Animal disease prevention through hygiene

Taruvinga Magwiroto

Today we want to talk about a cheaper but much more important way of preventing animal diseases: hygiene.

Commonly, disease occurs when a disease-causing organism gets access inside the body of an animal or infects the animal. This can happen through the natural openings: nose, mouth, vagina, sheath, eyes etc. Disease-causing organisms can also enter the body through abrasions or breaks in the skin, including wounds etc. Infections can result in localised conditions e.g. abscesses or more systemic disease e.g. Colibacillosis.

However, it must be understood that the animal has an incredibly robust defence mechanism, including the tough skin, secretions, reflexes, antibodies etc. Most infections only result in disease when they occur in large enough quantities.

Why is it important to maintain hygiene in the animal environment?

If animals are being kept in captivity or in enclosed spaces, they are forced to be in more direct contact with each other than is natural. This means the chances of disease transmission through the air, skin contact etc are higher. More importantly, it means that animals are in contact with their faeces for prolonged periods, which can be a health hazard.

Animal droppings or faeces contain micro-organisms which are normal habitats of the digestive system. E. Coli is an example in most animals, including humans. In rabbits, the coccidia protozoa is a normal habitat of the digestive system of the healthy rabbit. What this means is that in the normal animal, the immune system manages to keep the micro-organism in check, and the two co-exist without any disease occurring. However, when there is poor hygiene or excessive accumulation of faeces in the environment, microbes accumulate and infect the animal in large numbers and the coexistence or balance is broken, and disease or pathology happens.

Effects of poor hygiene

Poor hygiene, including the build-up of faeces, results in the built-up of micro-organisms voided with faeces. This means the animal is living in an environment with increasing numbers or burden of micro-organisms. This increasing burden of micro-organisms in the animal’s environment results in  loss of balance between the immune system of the animal and the micro-organisms. In other words, the immune system becomes over-burdened, overwhelmed and overpowered.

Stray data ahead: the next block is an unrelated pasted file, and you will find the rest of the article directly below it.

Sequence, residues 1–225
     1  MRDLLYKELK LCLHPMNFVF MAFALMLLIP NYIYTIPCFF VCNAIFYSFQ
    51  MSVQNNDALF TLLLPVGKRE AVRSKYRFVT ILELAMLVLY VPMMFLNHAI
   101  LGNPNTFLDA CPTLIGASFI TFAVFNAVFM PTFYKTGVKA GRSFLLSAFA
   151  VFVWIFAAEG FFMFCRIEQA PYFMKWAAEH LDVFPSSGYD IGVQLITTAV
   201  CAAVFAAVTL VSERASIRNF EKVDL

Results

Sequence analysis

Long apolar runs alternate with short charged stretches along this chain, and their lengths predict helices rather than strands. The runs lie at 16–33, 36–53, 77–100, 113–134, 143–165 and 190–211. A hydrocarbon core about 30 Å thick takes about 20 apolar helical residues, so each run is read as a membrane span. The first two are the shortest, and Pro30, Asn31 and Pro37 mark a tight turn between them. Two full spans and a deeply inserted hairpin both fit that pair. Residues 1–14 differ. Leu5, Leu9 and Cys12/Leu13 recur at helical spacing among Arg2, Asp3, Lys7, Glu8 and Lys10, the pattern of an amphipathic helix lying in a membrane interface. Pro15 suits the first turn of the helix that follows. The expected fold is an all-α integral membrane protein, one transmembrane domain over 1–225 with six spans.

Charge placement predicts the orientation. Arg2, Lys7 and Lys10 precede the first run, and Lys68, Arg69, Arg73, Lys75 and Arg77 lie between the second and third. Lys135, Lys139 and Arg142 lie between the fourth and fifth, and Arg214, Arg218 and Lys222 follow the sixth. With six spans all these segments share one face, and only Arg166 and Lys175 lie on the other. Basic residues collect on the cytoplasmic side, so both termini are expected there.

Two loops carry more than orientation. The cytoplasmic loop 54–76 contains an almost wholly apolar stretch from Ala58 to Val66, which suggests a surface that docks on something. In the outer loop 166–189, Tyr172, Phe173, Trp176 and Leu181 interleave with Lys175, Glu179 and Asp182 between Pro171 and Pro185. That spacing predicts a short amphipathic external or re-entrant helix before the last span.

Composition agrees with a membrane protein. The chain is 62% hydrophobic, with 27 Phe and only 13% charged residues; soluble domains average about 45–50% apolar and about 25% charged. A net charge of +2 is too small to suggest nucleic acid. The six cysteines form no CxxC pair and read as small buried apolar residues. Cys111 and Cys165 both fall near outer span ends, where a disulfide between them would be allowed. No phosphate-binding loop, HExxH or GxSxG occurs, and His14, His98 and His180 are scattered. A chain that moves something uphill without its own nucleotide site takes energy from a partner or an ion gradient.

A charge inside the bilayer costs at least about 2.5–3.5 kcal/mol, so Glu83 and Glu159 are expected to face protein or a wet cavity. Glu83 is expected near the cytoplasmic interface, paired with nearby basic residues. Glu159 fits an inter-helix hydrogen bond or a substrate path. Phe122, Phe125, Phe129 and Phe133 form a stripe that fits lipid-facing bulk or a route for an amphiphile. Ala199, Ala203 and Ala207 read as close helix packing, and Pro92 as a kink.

Another important thing to note is that the environment, even in the absence of faeces, contains millions of environmental bacteria. A lot of these are not pathogenic (they do not cause primary disease). However, their importance comes by contaminating wounds and other openings, and taking advantage of already-ill animals. This is called secondary bacterial infection. In other words, they are opportunistic infections. If you can think of abscesses, wound infects, some forms of mastitis etc, these are all caused by the skin being breached by environmental/opportunistic infections.

So what does this mean for you?

To start with, it is important to understand how dirty or unhygienic environments lead to diseases. Then it becomes easier to appreciate the role of cleanliness in disease prevention. What does it mean?

What to do?

Clean the animal environment regularly. This point is essential. Bacteria and other microbes accumulate in faeces and dirty environments until they reach dangerous levels. Prevent that by cleaning your animal accommodation regularly; keep plenty of clean bedding in place; do not overcrowd the animals; remove diseased animals to prevent contamination of the environment.

People think that they need powerful disinfectants to do a good job. Not necessarily. Plenty of soapy water can do the trick in most cases, robust scrubbing and plenty of sun! Another important practice is to rest animal houses or keep them empty in between batches. 2 weeks is the recommended minimum. Longer is preferable. This helps to disrupt the life-cycle and starve the microbes and parasites.

How regularly should you remove bedding? Use your judgement, common sense. The rule of thumb is: listen to the smell! In poultry establishments especially, the ammonia smell tells you when the bedding has been soiled and needs changing or topping.

Till next time. Refresh your memory on animal welfare here: https://livestockmatters.blog/2019/03/21/animal-welfare-good-for-them-good-for-you-too/

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